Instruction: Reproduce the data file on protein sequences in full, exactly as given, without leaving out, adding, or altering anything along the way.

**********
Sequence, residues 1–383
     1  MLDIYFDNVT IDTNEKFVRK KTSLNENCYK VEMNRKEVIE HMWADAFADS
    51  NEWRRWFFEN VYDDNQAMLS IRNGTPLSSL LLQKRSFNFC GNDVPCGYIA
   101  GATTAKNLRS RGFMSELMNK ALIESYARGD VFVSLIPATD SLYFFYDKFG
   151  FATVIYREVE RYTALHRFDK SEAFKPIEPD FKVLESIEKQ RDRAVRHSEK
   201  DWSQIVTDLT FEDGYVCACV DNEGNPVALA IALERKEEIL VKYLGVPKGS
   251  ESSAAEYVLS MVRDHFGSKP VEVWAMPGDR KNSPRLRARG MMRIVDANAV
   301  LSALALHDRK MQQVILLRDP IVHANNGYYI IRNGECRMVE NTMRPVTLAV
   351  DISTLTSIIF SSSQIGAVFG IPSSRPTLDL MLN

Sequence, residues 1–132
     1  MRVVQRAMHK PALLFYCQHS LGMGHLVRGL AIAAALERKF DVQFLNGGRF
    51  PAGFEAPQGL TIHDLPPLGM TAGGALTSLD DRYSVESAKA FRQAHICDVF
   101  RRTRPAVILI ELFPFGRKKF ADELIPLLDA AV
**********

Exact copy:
Sequence, residues 1–383
     1  MLDIYFDNVT IDTNEKFVRK KTSLNENCYK VEMNRKEVIE HMWADAFADS
    51  NEWRRWFFEN VYDDNQAMLS IRNGTPLSSL LLQKRSFNFC GNDVPCGYIA
   101  GATTAKNLRS RGFMSELMNK ALIESYARGD VFVSLIPATD SLYFFYDKFG
   151  FATVIYREVE RYTALHRFDK SEAFKPIEPD FKVLESIEKQ RDRAVRHSEK
   201  DWSQIVTDLT FEDGYVCACV DNEGNPVALA IALERKEEIL VKYLGVPKGS
   251  ESSAAEYVLS MVRDHFGSKP VEVWAMPGDR KNSPRLRARG MMRIVDANAV
   301  LSALALHDRK MQQVILLRDP IVHANNGYYI IRNGECRMVE NTMRPVTLAV
   351  DISTLTSIIF SSSQIGAVFG IPSSRPTLDL MLN

Sequence, residues 1–132
     1  MRVVQRAMHK PALLFYCQHS LGMGHLVRGL AIAAALERKF DVQFLNGGRF
    51  PAGFEAPQGL TIHDLPPLGM TAGGALTSLD DRYSVESAKA FRQAHICDVF
   101  RRTRPAVILI ELFPFGRKKF ADELIPLLDA AV